Andrew Cuomo Accused by Ex-Staffer Charlotte Bennett of Office Hazing, as Top Aide Defends Herself

New York Governor Andrew Cuomo has been accused of office hazing by former aide Charlotte Bennett, while the governor's current top aide, Melissa DeRosa, has stepped up to defend herself.

Debra Katz, Bennett's attorney, said to investigators Cuomo handed the ex-aide a copy of the lyrics to the Irish ballad "Danny Boy" and told her to memorize them. Bennett was then ordered to sing the song to the administration's senior staff members, including DeRosa.

"It's a bizarre request, but he says, 'I want you to memorize these lyrics,'" Katz said to investigators leading a probe into sexual harassment allegations against the governor.

"She says, 'I don't want to sing 'Danny Boy." [Cuomo] says, 'Sing 'Danny Boy,'" Katz said. "At that point, Melissa DeRosa says ... 'You're hazing her.' ... The governor then starts booming the song 'Danny Boy' and he's singing himself and saying, 'Sing with me.'"

Bennett, one of several women to accuse Cuomo of sexual harassment, told investigators that DeRosa saw how embarrassed she was in the situation but continued to watch with "horror and amusement," Bloomberg reported. DeRosa reportedly saw the incident as mere "hazing."

Melissa DeRosa
Melissa DeRosa, top aide to New York Governor Andrew Cuomo, defended herself amid a slew of allegations against the governor in a new interview with Bloomberg. DeRosa attends during the daily media briefing at the Office of the Governor of the State of New York on July 23, 2020 in New York City. Jeenah Moon/Getty Images

Meanwhile, DeRosa defended herself in an new interview with Bloomberg Friday, responding to media reports that she pressured New York health officials to conceal data on COVID-19 related deaths in nursing homes.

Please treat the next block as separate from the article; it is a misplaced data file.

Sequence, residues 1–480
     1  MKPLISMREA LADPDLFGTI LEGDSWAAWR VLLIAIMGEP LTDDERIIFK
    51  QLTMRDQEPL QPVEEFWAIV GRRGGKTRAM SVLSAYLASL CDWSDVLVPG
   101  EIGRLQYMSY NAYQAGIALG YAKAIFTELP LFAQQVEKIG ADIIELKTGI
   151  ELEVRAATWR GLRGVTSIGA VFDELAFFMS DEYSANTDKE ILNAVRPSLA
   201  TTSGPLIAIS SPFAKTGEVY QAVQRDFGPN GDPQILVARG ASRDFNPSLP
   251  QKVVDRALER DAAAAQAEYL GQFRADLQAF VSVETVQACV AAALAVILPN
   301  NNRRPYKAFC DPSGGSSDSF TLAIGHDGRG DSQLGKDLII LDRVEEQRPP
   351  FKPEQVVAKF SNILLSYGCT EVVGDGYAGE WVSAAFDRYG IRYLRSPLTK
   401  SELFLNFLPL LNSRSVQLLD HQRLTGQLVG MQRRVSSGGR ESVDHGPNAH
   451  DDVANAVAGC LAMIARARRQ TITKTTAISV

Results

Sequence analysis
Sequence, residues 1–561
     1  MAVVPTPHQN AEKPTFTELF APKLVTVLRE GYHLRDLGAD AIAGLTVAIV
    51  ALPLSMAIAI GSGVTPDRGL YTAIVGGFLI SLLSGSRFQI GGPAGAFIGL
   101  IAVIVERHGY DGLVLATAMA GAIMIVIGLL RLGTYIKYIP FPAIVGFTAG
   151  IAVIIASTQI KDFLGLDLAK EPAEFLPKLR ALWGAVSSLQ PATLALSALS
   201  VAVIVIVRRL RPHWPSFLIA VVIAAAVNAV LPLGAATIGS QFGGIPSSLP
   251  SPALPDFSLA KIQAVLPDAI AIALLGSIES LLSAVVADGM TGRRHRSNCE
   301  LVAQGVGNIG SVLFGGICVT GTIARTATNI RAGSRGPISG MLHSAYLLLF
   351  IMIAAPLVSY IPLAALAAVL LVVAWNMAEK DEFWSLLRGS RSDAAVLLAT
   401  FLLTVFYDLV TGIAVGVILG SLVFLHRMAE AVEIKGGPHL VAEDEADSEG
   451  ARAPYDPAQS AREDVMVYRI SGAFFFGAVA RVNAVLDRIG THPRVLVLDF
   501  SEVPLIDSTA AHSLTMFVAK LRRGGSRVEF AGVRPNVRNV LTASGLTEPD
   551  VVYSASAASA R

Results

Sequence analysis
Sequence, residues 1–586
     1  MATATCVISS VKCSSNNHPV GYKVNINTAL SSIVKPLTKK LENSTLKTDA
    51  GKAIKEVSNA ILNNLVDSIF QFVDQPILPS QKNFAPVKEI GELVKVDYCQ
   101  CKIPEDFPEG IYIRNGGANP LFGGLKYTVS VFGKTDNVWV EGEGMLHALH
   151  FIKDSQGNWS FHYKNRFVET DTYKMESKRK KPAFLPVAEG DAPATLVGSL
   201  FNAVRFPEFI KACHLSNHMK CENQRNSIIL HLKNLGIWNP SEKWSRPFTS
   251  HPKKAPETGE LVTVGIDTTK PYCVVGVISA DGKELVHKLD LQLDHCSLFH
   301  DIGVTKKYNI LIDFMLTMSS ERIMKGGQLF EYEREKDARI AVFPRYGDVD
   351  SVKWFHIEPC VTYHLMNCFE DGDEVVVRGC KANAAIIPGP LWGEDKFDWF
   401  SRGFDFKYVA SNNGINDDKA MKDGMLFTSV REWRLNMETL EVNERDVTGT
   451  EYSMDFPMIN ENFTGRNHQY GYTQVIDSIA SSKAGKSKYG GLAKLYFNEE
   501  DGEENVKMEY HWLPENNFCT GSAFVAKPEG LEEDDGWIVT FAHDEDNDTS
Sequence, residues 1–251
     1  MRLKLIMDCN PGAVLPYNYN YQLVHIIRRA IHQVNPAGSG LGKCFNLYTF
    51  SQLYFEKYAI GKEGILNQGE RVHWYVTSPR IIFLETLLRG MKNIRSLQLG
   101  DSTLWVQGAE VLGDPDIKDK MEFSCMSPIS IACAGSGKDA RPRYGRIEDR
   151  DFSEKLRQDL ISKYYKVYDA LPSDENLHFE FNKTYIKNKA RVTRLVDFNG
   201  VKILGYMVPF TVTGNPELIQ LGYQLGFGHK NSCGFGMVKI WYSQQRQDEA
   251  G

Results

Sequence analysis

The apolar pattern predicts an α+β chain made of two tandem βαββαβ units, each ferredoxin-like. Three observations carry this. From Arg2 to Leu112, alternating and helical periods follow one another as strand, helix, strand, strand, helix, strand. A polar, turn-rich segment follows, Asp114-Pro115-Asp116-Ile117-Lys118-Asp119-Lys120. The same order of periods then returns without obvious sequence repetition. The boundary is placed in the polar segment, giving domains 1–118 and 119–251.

"Media accounts have reduced me to a caricature, but I'm a human being who truly believes in and cares deeply about government and public service," DeRosa said.

Lindsey Boylan, one of Cuomo's accusers, wrote in a Medium blog post last month that the governor " desire to do good work" and forced women to hide their experiences of "intimidation, harassment and humiliation" at his hands. Boylan wrote that DeRosa was a key factor in perpetuating that culture of silence.

"It was all so normalized — particularly by Melissa DeRosa and other top women around him — that only now do I realize how insidious his abuse was," wrote Lindsey Boylan, one of Cuomo's accusers, in a Medium blog post last month.

The problem, ⁦⁦⁦@melissadderosa⁩ , is that cuomo treats some women as if they were an object rather than a human being

Melissa DeRosa, Top Cuomo’s Aide, Defends Governor, Herself: ‘I’m a Human Being' - Bloomberg

— m (@borubeb) March 27, 2021

In the Bloomberg interview, DeRosa stood by her work for the state of New York during the COVID-19 pandemic. Earlier this year, reports alleged DeRosa of admitting to state lawmakers that Cuomo's administration had concealed data requested by a Department of Justice probe into nursing home deaths during the pandemic. DeRosa said the governor "froze" and withheld the data to avoid a "political football."

DeRosa told Bloomberg of the emotional toll responding to the pandemic took on her mental health.

"I've worked incredibly hard throughout my career and especially during the pandemic," DeRosa said. "I didn't sleep. The last thing I would do in my day is call family members of health-care workers who died and tell them I'm sorry for their pain, and then close the door, lay on the floor and cry."

She added that media reports of her role in the nursing home scandal and subsequent sexual assault allegations have not humanized her: "I am not the one-dimensional person that has been portrayed in the press."

Newsweek has reached out to Cuomo's office for comment on Bennett's new allegation.